Few weeks ago, the organizer of the Workshop on Asian Translation (WAT 2017) published the result of their shared task of translation.
The evaluation results showed that even models which obtained very high BLEU score could not obtain a high score from humans.
The problem is more serious in the dialogue response generation task because the possible output (response) is more flexible than other natural language generation (NLG) tasks. Liu et al. showed that existing automatic evaluation metrics correlate very poorly with human evaluation of response quality (Liu et al., 2016).
In ACL 2017, Towards an Automatic Turing Test: Learning to Evaluate Dialogue Responses presented their attempt to overcome this problem.
They trained an LSTM-based model which receives an input context, a human response, and a system-generated response, and outputs a scalar value that represents the quality of the system’s response given the context and the human response.
The results show that their method correlated significantly better with human evaluation score than the word overlap based metrics such as BLEU.
Although there are some concerns about using learning based evaluators in terms of reliability, reproducibility, or transportability to other domains, this is a very important direction for future NLG research.

Reinforcement Learning

Utilizing reinforcement learning for deep learning recently got plenty of attention from the NLP community. In ACL 2017, there were several papers which use reinforcement learning for their study.
Towards End-to-End Reinforcement Learning of Dialogue Agents for Information Access and Hybrid Code Networks: practical and efficient end-to-end dialog control with supervised and reinforcement learning focused on dialogue modeling, which has a challenge in handling a long-term strategy of conversation. Moreover, (task-oriented) dialogues often include non-differentiable actions such as retrieving database, sorting the candidates, or updating the database entities.
Coarse-to-Fine Question Answering for Long Documents combined models for document summarization (selecting important sentences) and answer generation to deal with longer documents in question answering (QA) task. Since there are no annotation of important sentences for QA dataset., they trained a sentence extraction module with reinforcement learning whose reward is the log probability of the correct answer given that sentence.
From Language to Programs: Bridging Reinforcement Learning and Maximum Marginal Likelihood tackled a kind of semantic parsing task, where a model selects a sequence of actions (program) to affect the environment. They argued the problem of spurious programs which get to the correct final state (output) in an incorrect way (a sequence of actions). To prevent this problem, they proposed an algorithm called RANDOMER, which contains two components: ε-greedy randomized beam search to reduce initialization sensitivity, and β-meritocratic parameter update rule for smoothing update weight of each action sequence.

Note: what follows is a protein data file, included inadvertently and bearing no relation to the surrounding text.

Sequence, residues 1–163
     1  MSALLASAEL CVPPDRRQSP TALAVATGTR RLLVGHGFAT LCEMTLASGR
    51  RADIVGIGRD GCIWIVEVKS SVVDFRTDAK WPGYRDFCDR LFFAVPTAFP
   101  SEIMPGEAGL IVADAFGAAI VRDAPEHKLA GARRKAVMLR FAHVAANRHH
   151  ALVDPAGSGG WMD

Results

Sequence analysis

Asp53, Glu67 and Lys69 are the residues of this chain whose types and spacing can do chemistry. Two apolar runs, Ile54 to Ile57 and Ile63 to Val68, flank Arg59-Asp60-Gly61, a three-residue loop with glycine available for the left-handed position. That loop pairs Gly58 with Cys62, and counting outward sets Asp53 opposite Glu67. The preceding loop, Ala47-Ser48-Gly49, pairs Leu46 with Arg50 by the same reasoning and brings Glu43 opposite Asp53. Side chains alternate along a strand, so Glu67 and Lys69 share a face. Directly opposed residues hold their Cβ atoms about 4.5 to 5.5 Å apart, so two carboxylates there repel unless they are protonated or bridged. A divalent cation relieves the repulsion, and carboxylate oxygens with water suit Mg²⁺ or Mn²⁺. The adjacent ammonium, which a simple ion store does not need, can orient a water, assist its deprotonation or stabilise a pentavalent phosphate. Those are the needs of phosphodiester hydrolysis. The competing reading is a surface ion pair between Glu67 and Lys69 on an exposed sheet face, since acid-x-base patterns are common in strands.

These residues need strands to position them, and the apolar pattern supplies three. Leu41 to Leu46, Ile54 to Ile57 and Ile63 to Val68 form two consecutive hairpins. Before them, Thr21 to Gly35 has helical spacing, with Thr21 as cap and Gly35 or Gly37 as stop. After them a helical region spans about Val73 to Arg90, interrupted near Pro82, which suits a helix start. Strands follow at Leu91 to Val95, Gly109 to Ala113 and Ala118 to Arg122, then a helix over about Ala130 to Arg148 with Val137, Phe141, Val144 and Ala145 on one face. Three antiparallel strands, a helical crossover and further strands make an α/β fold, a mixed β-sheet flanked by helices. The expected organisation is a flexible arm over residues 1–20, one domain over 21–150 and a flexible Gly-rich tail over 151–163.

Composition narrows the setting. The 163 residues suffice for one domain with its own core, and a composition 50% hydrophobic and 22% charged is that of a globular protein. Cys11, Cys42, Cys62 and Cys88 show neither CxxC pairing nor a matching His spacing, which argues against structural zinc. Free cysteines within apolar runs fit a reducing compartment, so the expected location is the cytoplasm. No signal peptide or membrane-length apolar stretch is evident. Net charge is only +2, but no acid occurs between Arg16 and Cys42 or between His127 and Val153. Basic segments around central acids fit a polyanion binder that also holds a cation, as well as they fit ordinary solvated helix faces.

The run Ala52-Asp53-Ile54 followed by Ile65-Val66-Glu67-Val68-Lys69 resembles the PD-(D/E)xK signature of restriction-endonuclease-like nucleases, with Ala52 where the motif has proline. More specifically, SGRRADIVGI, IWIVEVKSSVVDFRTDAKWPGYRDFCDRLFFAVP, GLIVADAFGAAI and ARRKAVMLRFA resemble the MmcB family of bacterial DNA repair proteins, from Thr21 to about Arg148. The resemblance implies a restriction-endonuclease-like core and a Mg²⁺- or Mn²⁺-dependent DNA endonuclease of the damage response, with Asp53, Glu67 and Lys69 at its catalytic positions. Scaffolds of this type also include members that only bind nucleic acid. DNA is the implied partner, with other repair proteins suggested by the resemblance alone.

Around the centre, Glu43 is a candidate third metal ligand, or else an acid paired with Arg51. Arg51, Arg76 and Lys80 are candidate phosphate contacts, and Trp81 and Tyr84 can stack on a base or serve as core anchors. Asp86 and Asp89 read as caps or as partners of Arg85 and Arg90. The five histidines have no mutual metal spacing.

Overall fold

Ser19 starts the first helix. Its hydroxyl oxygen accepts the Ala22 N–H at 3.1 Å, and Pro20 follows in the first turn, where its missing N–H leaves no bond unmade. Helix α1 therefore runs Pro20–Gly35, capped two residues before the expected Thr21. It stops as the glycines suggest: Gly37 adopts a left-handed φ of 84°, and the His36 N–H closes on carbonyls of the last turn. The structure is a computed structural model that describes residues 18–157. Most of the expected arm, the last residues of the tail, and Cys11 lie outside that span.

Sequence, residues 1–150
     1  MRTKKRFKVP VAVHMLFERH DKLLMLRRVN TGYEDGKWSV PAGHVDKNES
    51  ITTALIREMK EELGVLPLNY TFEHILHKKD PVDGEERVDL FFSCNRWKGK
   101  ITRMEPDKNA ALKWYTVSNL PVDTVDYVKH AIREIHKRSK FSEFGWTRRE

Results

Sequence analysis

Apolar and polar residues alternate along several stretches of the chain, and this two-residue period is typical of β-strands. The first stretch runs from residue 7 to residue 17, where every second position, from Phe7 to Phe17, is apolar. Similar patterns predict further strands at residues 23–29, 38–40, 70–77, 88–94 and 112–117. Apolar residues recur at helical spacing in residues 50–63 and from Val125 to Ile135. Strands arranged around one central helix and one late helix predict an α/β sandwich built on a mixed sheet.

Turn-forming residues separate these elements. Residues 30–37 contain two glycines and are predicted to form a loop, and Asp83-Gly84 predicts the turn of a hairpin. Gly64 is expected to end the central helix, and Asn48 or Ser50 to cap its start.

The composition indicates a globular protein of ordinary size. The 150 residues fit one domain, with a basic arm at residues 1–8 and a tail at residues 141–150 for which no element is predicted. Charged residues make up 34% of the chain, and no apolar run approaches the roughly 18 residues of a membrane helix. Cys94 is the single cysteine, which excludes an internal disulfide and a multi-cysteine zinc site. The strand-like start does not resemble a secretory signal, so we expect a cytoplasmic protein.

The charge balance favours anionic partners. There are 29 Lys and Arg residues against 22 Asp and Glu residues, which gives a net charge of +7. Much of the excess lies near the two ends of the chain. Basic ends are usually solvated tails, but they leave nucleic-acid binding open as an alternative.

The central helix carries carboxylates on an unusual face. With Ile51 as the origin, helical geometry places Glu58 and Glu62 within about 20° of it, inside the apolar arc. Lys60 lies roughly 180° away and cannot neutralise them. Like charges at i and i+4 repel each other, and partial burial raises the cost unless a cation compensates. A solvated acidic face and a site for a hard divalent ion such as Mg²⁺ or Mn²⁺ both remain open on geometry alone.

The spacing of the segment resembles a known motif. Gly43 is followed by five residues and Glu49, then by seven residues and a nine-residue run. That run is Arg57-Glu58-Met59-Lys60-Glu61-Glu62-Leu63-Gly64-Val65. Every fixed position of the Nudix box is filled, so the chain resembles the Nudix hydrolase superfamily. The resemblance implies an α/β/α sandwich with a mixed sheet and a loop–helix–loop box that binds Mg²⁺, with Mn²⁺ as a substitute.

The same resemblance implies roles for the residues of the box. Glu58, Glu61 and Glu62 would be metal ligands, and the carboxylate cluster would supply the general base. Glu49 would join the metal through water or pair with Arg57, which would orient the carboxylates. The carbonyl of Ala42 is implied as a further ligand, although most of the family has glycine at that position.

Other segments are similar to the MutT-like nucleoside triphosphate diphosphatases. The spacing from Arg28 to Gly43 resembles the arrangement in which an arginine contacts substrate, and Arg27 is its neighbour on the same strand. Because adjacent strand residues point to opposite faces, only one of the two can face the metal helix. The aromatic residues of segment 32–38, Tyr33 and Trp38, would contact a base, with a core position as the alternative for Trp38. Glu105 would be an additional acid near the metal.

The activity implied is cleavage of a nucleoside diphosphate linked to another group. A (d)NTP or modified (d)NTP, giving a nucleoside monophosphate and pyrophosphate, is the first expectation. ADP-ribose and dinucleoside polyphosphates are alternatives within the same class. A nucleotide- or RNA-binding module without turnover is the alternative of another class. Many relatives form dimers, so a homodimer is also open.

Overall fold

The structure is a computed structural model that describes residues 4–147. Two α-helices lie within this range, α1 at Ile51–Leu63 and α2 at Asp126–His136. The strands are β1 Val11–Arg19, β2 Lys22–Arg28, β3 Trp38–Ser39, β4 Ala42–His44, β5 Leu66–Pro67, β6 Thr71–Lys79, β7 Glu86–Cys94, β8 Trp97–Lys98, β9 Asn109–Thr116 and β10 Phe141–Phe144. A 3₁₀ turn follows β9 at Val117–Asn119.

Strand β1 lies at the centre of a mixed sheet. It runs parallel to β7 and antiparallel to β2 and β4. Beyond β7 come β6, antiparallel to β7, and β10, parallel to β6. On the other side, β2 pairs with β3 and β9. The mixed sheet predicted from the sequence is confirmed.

Reinforcement learning has gained lots of attention in NLP. Next september, the Conference on Empirical Methods on Natural Language Processing (EMNLP 2017), which is also one of the flagship conferences in NLP, will be held in Copenhagen, Denmark. According to the accepted paper list of EMNLP, or arXiv preprint of them, the amount of studies who utilize reinforcement learning has increased further. Keep your eyes on EMNLP as well if you are interested in reinforcement learning.

Adversarial Training

Adversarial training comes under the spotlight in the area of machine learning. The most popular topic in this area is generative adversarial networks (GAN). Although challenging studies of GAN for natural language generation have also been appeared, ACL 2017 (and co-located CoNLL 2017) presented many papers using adversarial training for domain adaptation, multi-task learning, or multilingual learning in various NLP tasks:

In this context, adversarial training is used to make learned feature distributions for multiple domains closer and make knowledge from each domain transferrable. Almost all the above studies are based on two related works: Unsupervised Domain Adaptation by Backpropagation from ICML 2015, and Domain Separation Networks from NIPS 2016.
These two papers proposed many key technologies in this topic: shared-private model, (adversarial) domain classifier, gradient reversal layer, orthogonal constraints, and reconstruction. We recommend reading more details of those two papers before reading the related papers in ACL 2017.
Here is a paper which is more unique among the adversarial papers in ACL 2017; Adversarial Training for Unsupervised Bilingual Lexicon Induction.
The motivation of this paper is to project words in two languages into the same vector space. Their method learns a linear transformation matrix G (generator) to map the word-vector space of one language to that of another without any supervision (i.e. manually created dictionary). They prepare a discriminator that classifies whether a given vector is a real word vector from the target language or a word vector mapped from the source language by G. The result shows their method obtained competitive results compared with related work which uses seed word translation pairs as supervision.